Are you or someone with a disability you know interested in studying in the U.S., but unsure about what to expect? Since the ratification of the United
Nations Convention on the Rights of People with Disabilities in 2008, people with disabilities have been uniting for equal access in all sectors of society
and lives free from discrimination. Education for people with disabilities worldwide is improving, and so are opportunities to take advantage of study
in the U.S. Learn more about reality versus stereotype on studying in the United States as a person with a disability.
1. As an international student, I will not be covered by U.S. laws.
The Americans with Disabilities Act (ADA) was signed into law in 1990 to protect the rights of people with disabilities from discrimination. Students with
disabilities from other countries studying in the U.S. or in the U.S. application process are also protected from discrimination by the ADA.
U.S. universities are required to provide equal access to education, and will pay for and provide some disability-related services (called “reasonable accommodations”) to remove barriers and make participation equitable for students with disabilities. Common examples of accommodations include extra test-taking time, ramps, sign language interpreters, note takers, or Braille documents. If students are offered on-campus housing or transportation, then similar accommodations may be provided to ensure that housing is accessible and transportation is wheelchair-friendly.
However, the school is not required to provide reasonable accommodations that are considered personal, such as a personal assistant or guide for daily living tasks or adaptive equipment like wheelchairs or hearing aids.
2. Things will be the same for me in the United States as they are at home.
While studying in the United States you may feel very far away from the people who usually provide you with support. You may find that you are expected to function more independently than you are used to. Use this as an opportunity to grow as an individual.
People with disabilities in the United States are expected to do as much as possible on their own, and to be self-advocates. This means asking for assistance from others when you need it, and making your own decisions about your daily life. For a student who is blind, this may mean learning how to use a long cane for independently navigating your new environment, and asking for orientation to unfamiliar places. It takes courage to travel and live in a new community, so if you are nervous then ask your school if you can speak with a student who already attends the school and has a disability similar to yours.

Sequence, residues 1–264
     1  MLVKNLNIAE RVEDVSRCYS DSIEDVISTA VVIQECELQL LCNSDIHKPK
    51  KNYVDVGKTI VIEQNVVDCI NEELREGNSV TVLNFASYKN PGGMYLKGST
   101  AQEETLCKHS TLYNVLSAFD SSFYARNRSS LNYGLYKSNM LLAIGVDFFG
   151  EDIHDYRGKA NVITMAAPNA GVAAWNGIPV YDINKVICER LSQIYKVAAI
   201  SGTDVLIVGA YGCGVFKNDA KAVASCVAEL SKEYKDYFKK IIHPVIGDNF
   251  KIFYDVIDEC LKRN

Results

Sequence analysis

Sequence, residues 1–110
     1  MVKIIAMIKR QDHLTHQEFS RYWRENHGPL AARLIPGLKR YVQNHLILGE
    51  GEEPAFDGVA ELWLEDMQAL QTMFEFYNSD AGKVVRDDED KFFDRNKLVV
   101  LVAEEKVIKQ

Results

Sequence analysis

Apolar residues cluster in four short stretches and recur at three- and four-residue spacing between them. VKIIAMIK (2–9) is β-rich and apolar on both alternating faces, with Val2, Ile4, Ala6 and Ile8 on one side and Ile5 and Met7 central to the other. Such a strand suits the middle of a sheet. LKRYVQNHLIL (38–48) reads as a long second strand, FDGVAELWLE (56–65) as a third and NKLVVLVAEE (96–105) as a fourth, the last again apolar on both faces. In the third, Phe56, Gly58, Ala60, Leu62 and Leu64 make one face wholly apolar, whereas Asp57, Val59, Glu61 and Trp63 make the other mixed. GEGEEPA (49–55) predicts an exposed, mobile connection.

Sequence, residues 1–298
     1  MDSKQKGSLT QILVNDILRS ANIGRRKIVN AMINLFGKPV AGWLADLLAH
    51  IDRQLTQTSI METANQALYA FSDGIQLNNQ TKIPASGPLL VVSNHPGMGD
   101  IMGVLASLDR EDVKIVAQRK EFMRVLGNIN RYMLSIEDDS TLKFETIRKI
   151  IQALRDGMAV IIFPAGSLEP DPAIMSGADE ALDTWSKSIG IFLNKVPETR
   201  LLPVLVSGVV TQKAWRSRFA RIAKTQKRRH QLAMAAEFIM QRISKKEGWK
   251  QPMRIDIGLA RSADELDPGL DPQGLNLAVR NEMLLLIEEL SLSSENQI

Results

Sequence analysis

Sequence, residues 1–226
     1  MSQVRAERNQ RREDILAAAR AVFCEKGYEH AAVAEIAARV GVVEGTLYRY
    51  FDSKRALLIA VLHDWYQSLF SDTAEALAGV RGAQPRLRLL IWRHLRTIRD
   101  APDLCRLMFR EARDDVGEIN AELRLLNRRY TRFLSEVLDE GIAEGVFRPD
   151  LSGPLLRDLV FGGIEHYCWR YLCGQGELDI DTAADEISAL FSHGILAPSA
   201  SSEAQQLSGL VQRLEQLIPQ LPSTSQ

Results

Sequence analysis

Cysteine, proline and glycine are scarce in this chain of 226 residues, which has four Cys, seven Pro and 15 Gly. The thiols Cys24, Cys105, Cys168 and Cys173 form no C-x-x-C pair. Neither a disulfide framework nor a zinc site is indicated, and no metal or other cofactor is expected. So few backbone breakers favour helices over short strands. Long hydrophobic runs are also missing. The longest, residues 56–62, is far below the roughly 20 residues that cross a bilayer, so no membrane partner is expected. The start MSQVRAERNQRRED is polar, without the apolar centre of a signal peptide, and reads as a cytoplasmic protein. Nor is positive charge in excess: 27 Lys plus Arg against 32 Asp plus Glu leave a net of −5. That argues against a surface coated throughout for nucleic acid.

Your health care may also change while in the United States. Many U.S. universities require all students to either use health insurance they provide or
to provide proof of their own insurance. If your school requires you to purchase insurance, ask about how this medical insurance will cover your disability related to pre-existing conditions and prescriptions.
3. If I tell my school I have a disability everyone will know.
You are not required to tell your school about your disability. If you choose to disclose your disability, then U.S. privacy laws require your school to
keep this information confidential. This means that they will not tell any other student or faculty about your disability unless it is necessary to arrange
your accommodations (for example, they will need to inform a professor who will be working with a sign language interpreter or a housing director making changes to a dormitory room).
It is best to disclose your disability to your school after you are accepted. And, if you are requesting services, you may need to provide proof of your
disability from a doctor to the university disability services office.
4. I should apply to a special university for people with disabilities.
All universities in the United States are open to people with disabilities. There are some schools that may be better equipped to support people with specific disabilities, such as Gallaudet University for Deaf and hard of hearing students. Your first goal in finding a university should be to find one that fits your interests and career goals.
The National Clearinghouse on Disability and Exchange (NCDE) http://www.miusa.org/ncde
Sponsored by the Bureau of Educational and Cultural Affairs of the U.S. Department of State, and administered by Mobility International USA, the NCDE provides advice and resources for people with disabilities planning to study in the United States, and consultation for placement organizations and colleges/universities on specific issues to make the experience inclusive.
Olivia Emilia, National Clearinghouse on Disability and Exchange
Last Updated on Tuesday, 08 June 2010 11:35